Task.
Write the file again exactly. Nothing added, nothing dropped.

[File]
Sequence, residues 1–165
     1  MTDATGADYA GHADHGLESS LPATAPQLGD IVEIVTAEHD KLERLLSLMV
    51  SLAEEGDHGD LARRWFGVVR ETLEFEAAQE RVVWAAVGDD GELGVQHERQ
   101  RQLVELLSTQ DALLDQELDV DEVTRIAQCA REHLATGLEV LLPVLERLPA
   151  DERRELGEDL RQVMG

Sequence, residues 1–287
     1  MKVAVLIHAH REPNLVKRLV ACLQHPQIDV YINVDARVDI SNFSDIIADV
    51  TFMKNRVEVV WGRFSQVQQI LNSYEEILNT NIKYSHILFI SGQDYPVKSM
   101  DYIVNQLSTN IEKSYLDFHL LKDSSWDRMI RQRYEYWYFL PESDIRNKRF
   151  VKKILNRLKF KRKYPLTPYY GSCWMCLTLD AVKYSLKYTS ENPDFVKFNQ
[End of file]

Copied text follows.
Sequence, residues 1–165
     1  MTDATGADYA GHADHGLESS LPATAPQLGD IVEIVTAEHD KLERLLSLMV
    51  SLAEEGDHGD LARRWFGVVR ETLEFEAAQE RVVWAAVGDD GELGVQHERQ
   101  RQLVELLSTQ DALLDQELDV DEVTRIAQCA REHLATGLEV LLPVLERLPA
   151  DERRELGEDL RQVMG

Sequence, residues 1–287
     1  MKVAVLIHAH REPNLVKRLV ACLQHPQIDV YINVDARVDI SNFSDIIADV
    51  TFMKNRVEVV WGRFSQVQQI LNSYEEILNT NIKYSHILFI SGQDYPVKSM
   101  DYIVNQLSTN IEKSYLDFHL LKDSSWDRMI RQRYEYWYFL PESDIRNKRF
   151  VKKILNRLKF KRKYPLTPYY GSCWMCLTLD AVKYSLKYTS ENPDFVKFNQ